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Title: Clinical and biochemical factors associated with preeclampsia in women with obesity.
Authors: Vieira, Matias C.
Poston, Lucilla
Fyfe, Elaine
Gillett, Alexandra
Kenny, Louise C.
Roberts, Claire T.
Baker, Philip N.
Myers, Jenny E.
Walker, James J.
McCowan, Lesley M.
North, Robyn A.
Pasupathy, Dharmintra
SCOPE Consortium
First Published: 23-Dec-2016
Publisher: Wiley for Obesity Society
Citation: Obesity, 2017, 25 (2), pp. 460-467
Abstract: OBJECTIVE: To compare early pregnancy clinical and biomarker risk factors for later development of preeclampsia between women with obesity (body mass index, BMI ≥30 kg/m(2) ) and those with a normal BMI (20-25 kg/m(2) ). METHODS: In 3,940 eligible nulliparous women from the Screening for Pregnancy Endpoints (SCOPE) study, a total of 53 biomarkers of glucose and lipid metabolism, placental function, and known markers of preeclampsia were measured at 14 to 16 weeks' gestation. Logistic regression was performed to identify clinical and biomarker risk factors for preeclampsia in women with and without obesity. RESULTS: Among 834 women with obesity and 3,106 with a normal BMI, 77 (9.2%) and 105 (3.4%) developed preeclampsia, respectively. In women with obesity, risk factors included a family history of thrombotic disease, low plasma placental growth factor, and higher uterine artery resistance index at 20 weeks. In women with a normal BMI, a family history of preeclampsia or gestational hypertension, mean arterial blood pressure, plasma endoglin and cystatin C, and uterine artery resistance index were associated with preeclampsia, while high fruit intake was protective. CONCLUSIONS: Women with obesity and a normal BMI have different early pregnancy clinical and biomarker risk factors for preeclampsia.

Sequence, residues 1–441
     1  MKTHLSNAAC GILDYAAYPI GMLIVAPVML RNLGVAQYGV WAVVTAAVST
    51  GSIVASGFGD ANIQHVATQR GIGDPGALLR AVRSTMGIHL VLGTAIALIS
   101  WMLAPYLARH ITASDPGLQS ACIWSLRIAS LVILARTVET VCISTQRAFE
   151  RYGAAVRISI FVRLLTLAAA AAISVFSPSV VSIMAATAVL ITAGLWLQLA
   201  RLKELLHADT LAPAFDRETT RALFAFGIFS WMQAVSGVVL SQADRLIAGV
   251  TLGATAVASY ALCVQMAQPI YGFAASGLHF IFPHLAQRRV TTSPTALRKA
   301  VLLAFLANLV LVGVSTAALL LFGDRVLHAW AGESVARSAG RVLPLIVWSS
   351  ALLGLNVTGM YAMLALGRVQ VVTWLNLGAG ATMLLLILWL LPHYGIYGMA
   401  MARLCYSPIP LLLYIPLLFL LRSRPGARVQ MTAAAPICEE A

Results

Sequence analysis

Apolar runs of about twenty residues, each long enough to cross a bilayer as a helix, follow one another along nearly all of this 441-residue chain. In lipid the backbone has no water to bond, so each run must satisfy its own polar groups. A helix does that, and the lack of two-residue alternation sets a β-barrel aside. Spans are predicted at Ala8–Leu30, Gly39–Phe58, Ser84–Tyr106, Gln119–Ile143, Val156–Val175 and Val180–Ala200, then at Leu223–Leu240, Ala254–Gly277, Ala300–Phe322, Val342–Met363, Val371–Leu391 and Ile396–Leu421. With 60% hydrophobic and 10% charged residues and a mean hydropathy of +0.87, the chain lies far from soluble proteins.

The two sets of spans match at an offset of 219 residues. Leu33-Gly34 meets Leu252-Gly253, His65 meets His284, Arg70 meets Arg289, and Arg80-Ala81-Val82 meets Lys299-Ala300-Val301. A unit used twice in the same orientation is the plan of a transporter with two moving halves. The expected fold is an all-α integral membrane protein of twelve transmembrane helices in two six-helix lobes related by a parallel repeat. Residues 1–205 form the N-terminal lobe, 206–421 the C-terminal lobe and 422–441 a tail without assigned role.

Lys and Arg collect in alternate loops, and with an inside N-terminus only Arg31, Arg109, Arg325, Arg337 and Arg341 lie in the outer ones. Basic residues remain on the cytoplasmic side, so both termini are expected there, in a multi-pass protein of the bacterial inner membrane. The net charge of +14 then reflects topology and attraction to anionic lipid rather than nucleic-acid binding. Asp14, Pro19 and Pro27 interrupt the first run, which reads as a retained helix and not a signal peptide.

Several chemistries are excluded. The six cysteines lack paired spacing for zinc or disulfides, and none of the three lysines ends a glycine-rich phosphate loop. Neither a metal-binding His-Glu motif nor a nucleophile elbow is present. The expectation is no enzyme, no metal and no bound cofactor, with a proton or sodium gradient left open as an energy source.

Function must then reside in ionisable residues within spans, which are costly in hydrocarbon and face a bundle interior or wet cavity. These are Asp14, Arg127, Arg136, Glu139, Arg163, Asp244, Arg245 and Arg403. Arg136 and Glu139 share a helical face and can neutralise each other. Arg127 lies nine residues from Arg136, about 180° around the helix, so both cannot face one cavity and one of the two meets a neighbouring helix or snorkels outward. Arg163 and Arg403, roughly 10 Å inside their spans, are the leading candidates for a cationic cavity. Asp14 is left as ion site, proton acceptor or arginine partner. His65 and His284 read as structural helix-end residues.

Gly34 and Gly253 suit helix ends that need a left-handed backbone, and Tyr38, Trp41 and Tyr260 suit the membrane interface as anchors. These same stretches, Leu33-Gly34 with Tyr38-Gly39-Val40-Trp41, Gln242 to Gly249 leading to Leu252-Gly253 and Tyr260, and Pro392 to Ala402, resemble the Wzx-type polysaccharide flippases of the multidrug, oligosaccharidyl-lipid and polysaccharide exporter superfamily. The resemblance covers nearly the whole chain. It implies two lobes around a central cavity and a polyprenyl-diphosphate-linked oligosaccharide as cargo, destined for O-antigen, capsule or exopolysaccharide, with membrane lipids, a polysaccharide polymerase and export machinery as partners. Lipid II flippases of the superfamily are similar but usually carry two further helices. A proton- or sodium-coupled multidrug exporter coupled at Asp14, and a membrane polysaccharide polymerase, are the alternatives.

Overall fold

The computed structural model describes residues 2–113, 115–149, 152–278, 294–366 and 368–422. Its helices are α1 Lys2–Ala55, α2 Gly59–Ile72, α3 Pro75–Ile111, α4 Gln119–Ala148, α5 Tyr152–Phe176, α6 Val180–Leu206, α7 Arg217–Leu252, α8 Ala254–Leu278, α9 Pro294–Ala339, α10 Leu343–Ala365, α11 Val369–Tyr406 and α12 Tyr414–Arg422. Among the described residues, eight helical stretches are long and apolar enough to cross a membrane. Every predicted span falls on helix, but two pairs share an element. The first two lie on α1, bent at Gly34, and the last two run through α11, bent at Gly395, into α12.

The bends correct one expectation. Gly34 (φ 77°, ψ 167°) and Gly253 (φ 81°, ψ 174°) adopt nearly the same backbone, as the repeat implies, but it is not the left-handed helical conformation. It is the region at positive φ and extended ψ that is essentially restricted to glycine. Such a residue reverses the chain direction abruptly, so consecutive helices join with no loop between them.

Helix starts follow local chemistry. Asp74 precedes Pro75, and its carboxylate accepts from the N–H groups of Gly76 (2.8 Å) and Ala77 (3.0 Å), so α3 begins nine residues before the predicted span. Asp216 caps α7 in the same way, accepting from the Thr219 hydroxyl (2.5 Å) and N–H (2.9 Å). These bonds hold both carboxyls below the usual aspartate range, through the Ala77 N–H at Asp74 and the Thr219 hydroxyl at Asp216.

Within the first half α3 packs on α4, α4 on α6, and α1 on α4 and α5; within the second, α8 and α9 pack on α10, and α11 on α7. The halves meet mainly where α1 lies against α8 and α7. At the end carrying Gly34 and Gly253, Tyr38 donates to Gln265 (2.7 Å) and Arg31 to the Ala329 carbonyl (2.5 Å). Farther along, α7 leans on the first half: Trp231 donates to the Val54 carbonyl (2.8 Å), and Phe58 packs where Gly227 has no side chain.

DOI Link: 10.1002/oby.21715
ISSN: 1930-7381
eISSN: 1930-739X
Version: Post-print
Status: Peer-reviewed
Type: Journal Article
Rights: Copyright © 2016, Wiley for Obesity Society. Deposited with reference to the publisher’s open access archiving policy.
Description: The file associated with this record is under embargo until 12 months after publication, in accordance with the publisher's self-archiving policy. The full text may be available through the publisher links provided above.
Appears in Collections:Published Articles, College of Medicine, Biological Sciences and Psychology

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